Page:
In order to open the contacts of the circuit breaker, the shaft 19 is moved in the direction of the arrow 31 by an operating mechanism (not shown), the field coil assembly 18 and main contact bar 17 moving with the shaft since they are carried by it. As the shaft 19 moves in the direction of the arrow 31, the contact arms 6 and 10 pivot under the action of their respective springs 8 and 12 to follow the motion of the main contact bar 17. On further movement of the shaft 19, the end portions 14 and 16 of the contact arms come into contact with the arc runners 25 and 26 respectively, and the main body portions 13 and 15 disengage from the main contact bar 17. Ignoring any minor arcing at the main contact bar 17, the current path from conductor 3 to conductor 4 is now by way of the end portion 14 of contact arm 6, the arcing electrode 23A, the field coil 27, the arcing electrode 23B and the end portion 16 of contact arm 10. Pivotal movement of the arms 6 and 10 is limited by parts 32 and 33 of the mountings 5 and 9 which act as stops, and at their limits of movement the arms lie along a common axis. At this instant, the parts are disposed as shown in FIG. 2.
On continued movement of the shaft 19, the arc runners 25 and 26 move out of contact with the contact arms 6 and 10, and an arc 34 is drawn radially between the end of each contact arm and the associated arc runner. Movement of the shaft 19 ceases when the axis of the field coil assembly 18 is in alignment with the common axis of the the contact arms, as shown in FIG. 3. The current path from conductor 3 to conductor 4 is now by way of contact arm 6, the arc between end portion 14 and arc runner 25, the field coil 27, the arc between arc runner 26 and end portion 16, and contact arm 10. The magnetic field generated by the current flowing in the coil 27 causes the arcs to rotate and become extinguished.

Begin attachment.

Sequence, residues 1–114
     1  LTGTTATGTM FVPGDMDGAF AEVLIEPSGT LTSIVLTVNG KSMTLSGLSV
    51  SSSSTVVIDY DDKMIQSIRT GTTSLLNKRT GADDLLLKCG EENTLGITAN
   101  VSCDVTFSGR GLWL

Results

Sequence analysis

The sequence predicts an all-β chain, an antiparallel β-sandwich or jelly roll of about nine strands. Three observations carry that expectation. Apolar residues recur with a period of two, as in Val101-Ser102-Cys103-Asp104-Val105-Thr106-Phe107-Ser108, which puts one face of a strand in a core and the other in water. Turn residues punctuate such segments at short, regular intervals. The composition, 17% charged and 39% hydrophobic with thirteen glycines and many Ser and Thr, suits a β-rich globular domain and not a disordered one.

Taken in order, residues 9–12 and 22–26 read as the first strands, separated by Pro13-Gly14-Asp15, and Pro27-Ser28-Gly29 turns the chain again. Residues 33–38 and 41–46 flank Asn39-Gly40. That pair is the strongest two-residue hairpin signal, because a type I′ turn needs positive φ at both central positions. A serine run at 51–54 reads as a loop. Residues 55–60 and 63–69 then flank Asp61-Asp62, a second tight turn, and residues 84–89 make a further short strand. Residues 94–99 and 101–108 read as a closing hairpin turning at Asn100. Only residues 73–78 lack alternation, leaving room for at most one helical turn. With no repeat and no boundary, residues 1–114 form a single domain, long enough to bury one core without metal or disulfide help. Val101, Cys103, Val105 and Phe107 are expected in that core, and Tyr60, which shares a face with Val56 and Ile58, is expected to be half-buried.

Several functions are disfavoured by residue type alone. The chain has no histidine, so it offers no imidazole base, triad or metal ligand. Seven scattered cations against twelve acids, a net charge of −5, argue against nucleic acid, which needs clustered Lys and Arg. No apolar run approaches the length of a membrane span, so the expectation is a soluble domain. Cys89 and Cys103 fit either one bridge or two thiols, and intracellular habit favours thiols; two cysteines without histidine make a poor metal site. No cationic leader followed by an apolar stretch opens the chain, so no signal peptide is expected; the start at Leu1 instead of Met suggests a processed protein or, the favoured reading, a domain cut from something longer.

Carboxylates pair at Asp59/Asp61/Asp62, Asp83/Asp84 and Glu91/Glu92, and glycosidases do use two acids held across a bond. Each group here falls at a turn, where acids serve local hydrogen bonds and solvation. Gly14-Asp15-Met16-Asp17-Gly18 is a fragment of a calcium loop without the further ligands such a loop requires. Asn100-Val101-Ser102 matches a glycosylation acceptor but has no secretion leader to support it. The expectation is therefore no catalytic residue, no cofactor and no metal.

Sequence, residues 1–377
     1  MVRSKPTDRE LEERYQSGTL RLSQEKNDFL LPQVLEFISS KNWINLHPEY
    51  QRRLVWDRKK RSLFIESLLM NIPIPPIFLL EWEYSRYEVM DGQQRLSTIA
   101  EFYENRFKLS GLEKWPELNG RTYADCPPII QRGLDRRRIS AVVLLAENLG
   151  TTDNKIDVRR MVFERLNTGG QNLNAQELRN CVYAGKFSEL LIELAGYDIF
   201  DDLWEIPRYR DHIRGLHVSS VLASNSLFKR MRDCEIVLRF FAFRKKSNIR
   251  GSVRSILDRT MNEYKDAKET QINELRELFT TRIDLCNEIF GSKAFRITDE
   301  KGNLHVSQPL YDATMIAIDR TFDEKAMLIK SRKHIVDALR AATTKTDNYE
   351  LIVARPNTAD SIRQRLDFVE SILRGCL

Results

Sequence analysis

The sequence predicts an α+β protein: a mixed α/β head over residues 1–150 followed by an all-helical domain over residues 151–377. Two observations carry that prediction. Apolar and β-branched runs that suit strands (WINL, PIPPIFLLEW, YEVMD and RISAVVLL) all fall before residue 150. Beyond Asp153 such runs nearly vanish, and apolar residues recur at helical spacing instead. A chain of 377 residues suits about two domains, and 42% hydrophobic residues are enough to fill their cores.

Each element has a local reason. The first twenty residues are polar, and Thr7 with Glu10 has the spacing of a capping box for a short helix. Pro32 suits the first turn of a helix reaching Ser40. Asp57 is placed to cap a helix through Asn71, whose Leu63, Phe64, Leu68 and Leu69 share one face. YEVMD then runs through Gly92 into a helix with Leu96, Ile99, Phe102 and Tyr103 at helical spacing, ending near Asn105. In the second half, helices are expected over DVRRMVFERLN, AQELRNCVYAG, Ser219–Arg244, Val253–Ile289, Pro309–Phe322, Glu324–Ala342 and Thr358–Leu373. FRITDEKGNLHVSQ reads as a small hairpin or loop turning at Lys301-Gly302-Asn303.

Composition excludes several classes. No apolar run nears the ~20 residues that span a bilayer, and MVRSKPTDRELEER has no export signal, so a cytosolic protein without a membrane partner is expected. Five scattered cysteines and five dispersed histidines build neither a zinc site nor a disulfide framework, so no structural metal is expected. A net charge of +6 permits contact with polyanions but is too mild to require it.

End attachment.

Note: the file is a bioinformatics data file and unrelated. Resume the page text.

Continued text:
In the above construction, the connection between the contact arms and their mountings are shown as simple pin joints. In practice, however, a flexible conductive strap 35 can be added as shown in the left-hand part of FIG. 7 for the passage of most of the load current therethrough. In the right-hand part of FIG. 7, an alternative to the pin joint in the form of a stirrup-type mounting is shown. In this mounting, the main body portion of the contact arm has a recess 37 therein which locates over a projection 38 on the lower part of the mounting, enabling the contact arm to rock about the projection 38. A flexible conductive strap 39 connects the contact arm to the mounting for the passage of most of the load current therethrough.
A second embodiment of a circuit breaker according to the present invention is shown in FIGS. 8 to 11, and is generally similar to the embodiment already described with reference to FIGS. 1 to 6. Accordingly, similar parts are denoted by the same reference numerals, but with 100 added. In this embodiment, however, the conductors 103 and 104 are connected to respective sets 140 and 141 of main contact fingers which engage the ends of the main contact bar 117 when the circuit breaker is in its closed position, as shown in FIG. 8. The contact arm 106 is mounted for angular movement by a respective yoke member 142 and a mounting pin 143 passing through a shaped recess in the contact arm, and a spring 144 provided about the pin 143 urges the contact arm towards the position shown in FIG. 10. A flexible conductive strap 145 connects the contact arm 106 to the conductor 103 for the passage of most of the load current therethrough. The contact arm 110 is similarly provided with a yoke member, mounting pin, spring and flexible strap.
Whereas in the construction of FIGS. 1 to 6 the contact arms are spaced from the respective arc runners when the circuit breaker is in its closed position, in this embodiment the end portions 114 and 116 of the contact arms 106 and 110 actually engage the arc runners 125 and 126 respectively in the contacts closed position. However, since the main contact bar 117 is in parallel with the field coil 127, little current passes through the coil 127 in the contacts closed position because it presents a path of higher impedance than the contact bar 117.